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Max Sigal | Northwestern '20

Within Reach

Max Sigal, Study Abroad ’18, Northwestern ’20
Integrated Science Program, Chemistry, Biological Sciences

Me (Max), back left, with my class of 10 and teacher, front right

When I first entered Northwestern, I never dreamed that I would be able to study abroad. As a low-income student who struggled to pay the bare minimum, the concept of spending thousands of dollars on a single affair seemed out of reach. While it did seem like a “life-changing experience,” as so many people say, I pushed the idea away―up until I started taking Japanese in my sophomore year. Thanks to the wonderful teaching of my professor Yumi Shiojima, I quickly fell in love with the language and knew I had to visit Japan before my time at Northwestern was up.

Attempting Kyudo, traditional Japanese archery (but failing, as seen by the high school student’s reaction to my shot)

By visiting the Office of Fellowships and receiving valuable essay-writing help, I applied for and received two different scholarships: The Gilman Scholarship and the Freeman-ASIA Scholarship. With these scholarships, I was able to travel to Hakodate, Japan for two months while I studied at an intensive Japanese language program called HIF.

Throughout my time in Hakodate, I learned about the community through cultural activities and my host family. I dedicated as much time as I could to studying for my Japanese class and exploring the local town. I got to attend the Hakodate Squid Festival, the largest summer event in Hakodate. Wasshoi Hakodate consists of parades, which involve over 20,000 paraders. Some women dressed in kimono dance traditional Hakodate Port Dance, some perform passionate YOSAKOI dance, and the others dance Squid Dance, Hakodate’s specialty. Squid Dance is so easy that the spectators can join the parade and dance it together. I also tried Kyudo (Japanese archery), made Soba (traditional Japanese buckwheat noodles), and helped teach English in the elderly community.

Xie, myself, and Mitchell, all Northwestern students, enjoy the beginning of the Hakodate Squid Festival

However, sometimes the bliss was interrupted with the stark truth that I couldn’t afford some things that the other students could. More than a few times, I wanted to hang out with other students but decided not to since they were going to fancy restaurants to eat, or I decided to walk back home rather than pay the extra fee for the tram ride back. Although sometimes I felt discouraged, I discovered so many new things about Japan that I had never known existed, and I became even more infatuated. I didn’t want my lack of money to weigh me down, and I realized that spending only a few months in Japan would never be enough; I wanted to learn about ways to spend my future in Japan.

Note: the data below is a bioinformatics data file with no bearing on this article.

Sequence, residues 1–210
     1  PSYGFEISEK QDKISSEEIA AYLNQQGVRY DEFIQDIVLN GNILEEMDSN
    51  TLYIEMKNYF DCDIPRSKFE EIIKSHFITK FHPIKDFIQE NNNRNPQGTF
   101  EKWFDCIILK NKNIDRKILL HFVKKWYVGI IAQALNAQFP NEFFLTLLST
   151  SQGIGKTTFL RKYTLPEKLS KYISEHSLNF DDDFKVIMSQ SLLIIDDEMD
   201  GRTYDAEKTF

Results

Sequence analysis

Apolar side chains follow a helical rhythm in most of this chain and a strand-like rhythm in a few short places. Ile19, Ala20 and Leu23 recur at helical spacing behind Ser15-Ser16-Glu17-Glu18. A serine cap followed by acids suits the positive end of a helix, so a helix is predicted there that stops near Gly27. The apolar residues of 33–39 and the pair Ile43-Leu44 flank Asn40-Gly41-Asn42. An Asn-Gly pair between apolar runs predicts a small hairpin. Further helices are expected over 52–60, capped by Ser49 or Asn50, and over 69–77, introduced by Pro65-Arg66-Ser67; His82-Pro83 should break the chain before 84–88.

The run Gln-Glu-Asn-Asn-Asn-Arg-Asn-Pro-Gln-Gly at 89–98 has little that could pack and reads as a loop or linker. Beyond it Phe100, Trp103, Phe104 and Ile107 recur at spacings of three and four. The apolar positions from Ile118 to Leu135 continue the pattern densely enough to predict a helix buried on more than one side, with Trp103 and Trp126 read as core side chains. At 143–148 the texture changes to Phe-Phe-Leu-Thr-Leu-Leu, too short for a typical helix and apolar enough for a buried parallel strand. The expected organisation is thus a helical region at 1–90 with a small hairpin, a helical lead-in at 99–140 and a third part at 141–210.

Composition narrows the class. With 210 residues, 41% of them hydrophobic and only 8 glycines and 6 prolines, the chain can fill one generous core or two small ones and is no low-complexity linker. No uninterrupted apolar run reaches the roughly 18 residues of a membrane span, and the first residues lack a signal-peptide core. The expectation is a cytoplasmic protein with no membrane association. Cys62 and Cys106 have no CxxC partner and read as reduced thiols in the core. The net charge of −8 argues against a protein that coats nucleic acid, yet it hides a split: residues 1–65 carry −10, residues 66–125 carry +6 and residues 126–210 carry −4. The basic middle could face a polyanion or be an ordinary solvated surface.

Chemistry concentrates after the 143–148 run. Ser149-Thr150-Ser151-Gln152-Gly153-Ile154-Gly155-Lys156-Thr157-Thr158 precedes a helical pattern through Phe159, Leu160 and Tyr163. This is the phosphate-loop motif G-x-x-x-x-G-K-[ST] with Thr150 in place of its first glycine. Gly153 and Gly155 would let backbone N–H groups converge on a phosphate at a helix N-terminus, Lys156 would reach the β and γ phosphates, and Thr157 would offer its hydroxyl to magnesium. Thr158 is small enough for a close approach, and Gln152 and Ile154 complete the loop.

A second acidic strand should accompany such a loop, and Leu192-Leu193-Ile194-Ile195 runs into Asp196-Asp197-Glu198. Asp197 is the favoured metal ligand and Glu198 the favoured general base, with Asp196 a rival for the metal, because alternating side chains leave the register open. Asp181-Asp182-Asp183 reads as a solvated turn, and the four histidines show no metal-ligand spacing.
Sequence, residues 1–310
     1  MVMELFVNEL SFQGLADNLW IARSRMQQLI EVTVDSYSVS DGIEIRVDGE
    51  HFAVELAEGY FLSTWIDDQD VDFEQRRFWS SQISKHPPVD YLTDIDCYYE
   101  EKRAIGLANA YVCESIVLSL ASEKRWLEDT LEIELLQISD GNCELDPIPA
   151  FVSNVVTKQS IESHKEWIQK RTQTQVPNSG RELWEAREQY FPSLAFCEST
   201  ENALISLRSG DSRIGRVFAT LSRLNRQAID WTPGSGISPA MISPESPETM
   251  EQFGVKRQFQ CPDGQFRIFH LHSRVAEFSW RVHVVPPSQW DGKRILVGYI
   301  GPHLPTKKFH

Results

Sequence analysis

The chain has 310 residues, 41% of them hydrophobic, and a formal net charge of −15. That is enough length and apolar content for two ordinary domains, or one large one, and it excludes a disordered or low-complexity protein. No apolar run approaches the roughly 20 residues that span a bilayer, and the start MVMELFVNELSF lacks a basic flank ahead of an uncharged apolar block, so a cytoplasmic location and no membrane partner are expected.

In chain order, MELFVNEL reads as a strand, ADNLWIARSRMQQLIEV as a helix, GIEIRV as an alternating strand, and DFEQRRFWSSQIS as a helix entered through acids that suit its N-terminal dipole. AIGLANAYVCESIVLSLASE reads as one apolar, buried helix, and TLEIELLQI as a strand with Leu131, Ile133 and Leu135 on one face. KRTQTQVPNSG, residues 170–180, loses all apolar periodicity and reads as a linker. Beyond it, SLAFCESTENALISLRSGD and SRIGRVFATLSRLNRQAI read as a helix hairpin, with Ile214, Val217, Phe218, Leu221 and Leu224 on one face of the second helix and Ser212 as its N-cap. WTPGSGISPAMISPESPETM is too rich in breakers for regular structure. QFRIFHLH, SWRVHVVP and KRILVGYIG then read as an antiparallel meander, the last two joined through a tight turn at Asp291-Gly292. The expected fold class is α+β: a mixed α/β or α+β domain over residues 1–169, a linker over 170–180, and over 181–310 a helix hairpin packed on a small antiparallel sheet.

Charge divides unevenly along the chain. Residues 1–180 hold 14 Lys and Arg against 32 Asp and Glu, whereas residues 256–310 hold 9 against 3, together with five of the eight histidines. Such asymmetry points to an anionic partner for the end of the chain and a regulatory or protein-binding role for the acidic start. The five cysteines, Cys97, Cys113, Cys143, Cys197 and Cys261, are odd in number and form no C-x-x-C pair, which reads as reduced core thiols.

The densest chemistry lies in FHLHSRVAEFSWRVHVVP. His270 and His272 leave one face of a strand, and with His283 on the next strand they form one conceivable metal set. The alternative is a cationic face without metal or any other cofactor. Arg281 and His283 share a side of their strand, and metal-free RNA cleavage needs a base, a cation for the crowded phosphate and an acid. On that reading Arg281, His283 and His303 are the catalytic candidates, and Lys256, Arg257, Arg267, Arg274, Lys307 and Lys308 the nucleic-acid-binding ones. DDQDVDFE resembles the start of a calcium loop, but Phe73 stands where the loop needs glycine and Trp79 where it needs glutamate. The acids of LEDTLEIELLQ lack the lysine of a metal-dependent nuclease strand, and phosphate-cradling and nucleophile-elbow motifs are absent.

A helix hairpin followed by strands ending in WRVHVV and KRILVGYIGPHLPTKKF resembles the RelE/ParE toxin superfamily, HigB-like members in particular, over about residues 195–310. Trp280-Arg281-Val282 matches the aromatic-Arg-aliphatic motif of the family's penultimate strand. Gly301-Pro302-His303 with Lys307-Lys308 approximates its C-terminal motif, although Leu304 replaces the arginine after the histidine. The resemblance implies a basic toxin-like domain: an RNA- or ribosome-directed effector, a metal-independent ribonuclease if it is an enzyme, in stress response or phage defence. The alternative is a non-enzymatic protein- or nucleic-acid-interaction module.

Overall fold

Learning to play the Shinobue, a high-pitched Japanese transverse flute used in Kabuki theatre

During the HIF program, there was a period of four or five days where were able take a break and travel. I thought this would be an ideal time to learn more about different post-graduation opportunities in Japan by traveling to Tokyo and interviewing various people. Most importantly, I was hoping to interview a research professor at the University of Tokyo, someone with whom I hoped to conduct research during graduate school. However, being a low-income student, this presented a large challenge. While my program was almost fully paid for by scholarships, taking a trip outside of the program would cause me to take out loans. With the help of another student and close friend, I was able to carefully detail every cost of the trip and save money where I could, allowing me to travel to Tokyo with only a small loan.

Me, left, with my host parents and housemate

In Tokyo, I learned a lot about various opportunities in Japan and made a connection with the research professor. He even invited me to work in his laboratory the following summer! Not only did I succeed in learning more about my future direction and goals, but I was also able to make a vital connection in the research world.

While the cost of study abroad programs can be scary for low-income students, I encourage those who are interested to seek out opportunities where they can. Studying abroad can expand your horizons by exposing you to different cultures and ideologies as well as by helping you determine what you want to do with your future. Being low-income is a barrier that can be overcome; it’s something that you can use as motivation to push yourself towards your goals and what you want to become.


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